idDock+: Integrating Machine Learning in Probabilistic Search for Protein-Protein Docking.

TitleidDock+: Integrating Machine Learning in Probabilistic Search for Protein-Protein Docking.
Publication TypeJournal Article
Year of Publication2015
AuthorsHashmi I, Shehu A
JournalJ Comput Biol
Date Published2015 Sep
KeywordsAlgorithms, Binding Sites, Computational Biology, Ligands, Machine Learning, Molecular Docking Simulation, Protein Binding, Protein Conformation, Protein Multimerization, Proteins

Predicting the three-dimensional native structures of protein dimers, a problem known as protein-protein docking, is key to understanding molecular interactions. Docking is a computationally challenging problem due to the diversity of interactions and the high dimensionality of the configuration space. Existing methods draw configurations systematically or at random from the configuration space. The inaccuracy of scoring functions used to evaluate drawn configurations presents additional challenges. Evidence is growing that optimization of a scoring function is an effective technique only once the drawn configuration is sufficiently similar to the native structure. Therefore, in this article we present a method that employs optimization of a sophisticated energy function, FoldX, only to locally improve a promising configuration. The main question of how promising configurations are identified is addressed through a machine learning method trained a priori on an extensive dataset of functionally diverse protein dimers. To deal with the vast configuration space, a probabilistic search algorithm operates on top of the learner, feeding to it configurations drawn at random. We refer to our method as idDock+, for informatics-driven Docking. idDock+is tested on 15 dimers of different sizes and functional classes. Analysis shows that on all systems idDock+finds a near-native structure and is comparable in accuracy to other state-of-the-art methods. idDock+ represents one of the first highly efficient hybrid methods that combines fast machine learning models with demanding optimization of sophisticated energy scoring functions. Our results indicate that this is a promising direction to improve both efficiency and accuracy in docking.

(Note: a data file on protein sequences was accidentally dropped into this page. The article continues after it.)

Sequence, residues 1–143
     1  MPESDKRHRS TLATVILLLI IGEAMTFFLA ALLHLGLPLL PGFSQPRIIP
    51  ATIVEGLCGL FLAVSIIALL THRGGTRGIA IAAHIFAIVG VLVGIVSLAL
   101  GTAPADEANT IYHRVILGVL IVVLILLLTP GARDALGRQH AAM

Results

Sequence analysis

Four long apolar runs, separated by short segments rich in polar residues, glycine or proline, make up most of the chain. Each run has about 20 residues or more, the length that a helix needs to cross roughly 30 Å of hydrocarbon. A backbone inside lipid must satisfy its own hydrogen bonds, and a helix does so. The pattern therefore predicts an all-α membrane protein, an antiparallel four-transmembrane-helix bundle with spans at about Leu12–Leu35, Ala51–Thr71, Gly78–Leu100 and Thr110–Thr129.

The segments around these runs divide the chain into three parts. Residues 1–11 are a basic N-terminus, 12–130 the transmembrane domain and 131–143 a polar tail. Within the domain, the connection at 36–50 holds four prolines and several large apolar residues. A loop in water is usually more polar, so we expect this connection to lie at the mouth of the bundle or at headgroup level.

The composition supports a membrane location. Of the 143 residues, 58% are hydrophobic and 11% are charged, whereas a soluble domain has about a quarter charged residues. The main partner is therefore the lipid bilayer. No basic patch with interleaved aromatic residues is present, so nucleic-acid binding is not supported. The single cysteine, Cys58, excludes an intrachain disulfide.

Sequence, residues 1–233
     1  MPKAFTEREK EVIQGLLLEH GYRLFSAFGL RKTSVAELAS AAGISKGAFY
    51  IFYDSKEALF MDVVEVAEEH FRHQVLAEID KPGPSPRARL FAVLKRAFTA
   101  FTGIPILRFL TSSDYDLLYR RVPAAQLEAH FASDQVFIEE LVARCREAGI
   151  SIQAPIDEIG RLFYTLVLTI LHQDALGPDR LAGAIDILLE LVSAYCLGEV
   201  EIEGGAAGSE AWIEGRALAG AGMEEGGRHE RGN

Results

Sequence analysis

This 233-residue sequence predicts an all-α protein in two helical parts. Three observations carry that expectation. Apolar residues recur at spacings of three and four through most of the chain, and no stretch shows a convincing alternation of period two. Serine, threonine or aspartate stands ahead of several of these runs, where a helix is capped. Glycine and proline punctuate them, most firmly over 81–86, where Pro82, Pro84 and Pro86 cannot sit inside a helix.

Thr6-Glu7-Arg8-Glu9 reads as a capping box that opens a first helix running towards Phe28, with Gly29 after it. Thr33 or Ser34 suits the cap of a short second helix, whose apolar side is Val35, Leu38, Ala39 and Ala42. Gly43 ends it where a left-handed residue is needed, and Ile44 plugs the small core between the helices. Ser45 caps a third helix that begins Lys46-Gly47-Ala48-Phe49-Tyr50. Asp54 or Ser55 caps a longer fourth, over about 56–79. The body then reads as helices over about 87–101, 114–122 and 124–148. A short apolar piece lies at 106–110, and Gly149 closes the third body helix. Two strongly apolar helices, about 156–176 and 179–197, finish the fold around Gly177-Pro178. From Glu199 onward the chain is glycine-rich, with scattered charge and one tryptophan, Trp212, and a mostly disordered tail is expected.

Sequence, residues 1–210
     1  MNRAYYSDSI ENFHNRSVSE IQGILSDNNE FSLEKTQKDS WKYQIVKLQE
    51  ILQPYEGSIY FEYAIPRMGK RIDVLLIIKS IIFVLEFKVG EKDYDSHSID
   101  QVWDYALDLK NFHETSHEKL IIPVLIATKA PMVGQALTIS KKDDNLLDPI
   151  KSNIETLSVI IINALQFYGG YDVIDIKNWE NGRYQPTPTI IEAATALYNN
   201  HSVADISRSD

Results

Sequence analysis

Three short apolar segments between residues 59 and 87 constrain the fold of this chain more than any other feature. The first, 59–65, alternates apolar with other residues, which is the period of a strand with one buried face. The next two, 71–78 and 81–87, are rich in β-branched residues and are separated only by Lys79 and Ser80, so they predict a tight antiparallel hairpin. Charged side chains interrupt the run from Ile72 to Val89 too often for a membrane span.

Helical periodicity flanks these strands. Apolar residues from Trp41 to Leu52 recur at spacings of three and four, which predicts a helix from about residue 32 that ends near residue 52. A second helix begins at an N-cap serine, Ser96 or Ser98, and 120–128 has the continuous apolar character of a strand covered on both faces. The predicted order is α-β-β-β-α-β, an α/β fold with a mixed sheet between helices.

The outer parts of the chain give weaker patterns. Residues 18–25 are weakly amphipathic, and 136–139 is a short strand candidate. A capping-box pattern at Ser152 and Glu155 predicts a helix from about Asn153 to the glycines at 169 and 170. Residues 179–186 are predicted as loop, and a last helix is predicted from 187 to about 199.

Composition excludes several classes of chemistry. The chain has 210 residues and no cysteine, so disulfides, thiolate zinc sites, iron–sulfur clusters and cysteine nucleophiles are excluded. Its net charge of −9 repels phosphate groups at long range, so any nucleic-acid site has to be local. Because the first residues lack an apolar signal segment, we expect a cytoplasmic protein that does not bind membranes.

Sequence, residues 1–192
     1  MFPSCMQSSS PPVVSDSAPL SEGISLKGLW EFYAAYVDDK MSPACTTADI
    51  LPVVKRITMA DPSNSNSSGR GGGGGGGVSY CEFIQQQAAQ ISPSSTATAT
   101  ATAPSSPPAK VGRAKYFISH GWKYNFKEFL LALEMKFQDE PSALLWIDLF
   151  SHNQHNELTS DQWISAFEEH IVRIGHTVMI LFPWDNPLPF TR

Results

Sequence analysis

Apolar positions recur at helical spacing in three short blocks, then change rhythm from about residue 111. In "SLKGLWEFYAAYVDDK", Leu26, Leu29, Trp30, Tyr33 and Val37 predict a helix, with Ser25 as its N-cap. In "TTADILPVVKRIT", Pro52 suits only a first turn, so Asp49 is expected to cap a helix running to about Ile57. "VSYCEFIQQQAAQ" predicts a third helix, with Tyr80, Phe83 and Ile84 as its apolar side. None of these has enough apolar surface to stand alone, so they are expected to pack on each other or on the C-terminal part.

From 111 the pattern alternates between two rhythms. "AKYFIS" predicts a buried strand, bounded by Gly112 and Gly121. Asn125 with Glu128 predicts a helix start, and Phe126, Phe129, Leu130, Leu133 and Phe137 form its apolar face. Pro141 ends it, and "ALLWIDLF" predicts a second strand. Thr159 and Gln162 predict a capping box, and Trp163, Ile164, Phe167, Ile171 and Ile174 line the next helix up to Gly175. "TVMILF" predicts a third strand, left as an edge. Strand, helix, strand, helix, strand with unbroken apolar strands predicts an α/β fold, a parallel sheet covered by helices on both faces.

Alternate JournalJ. Comput. Biol.
PubMed ID26222714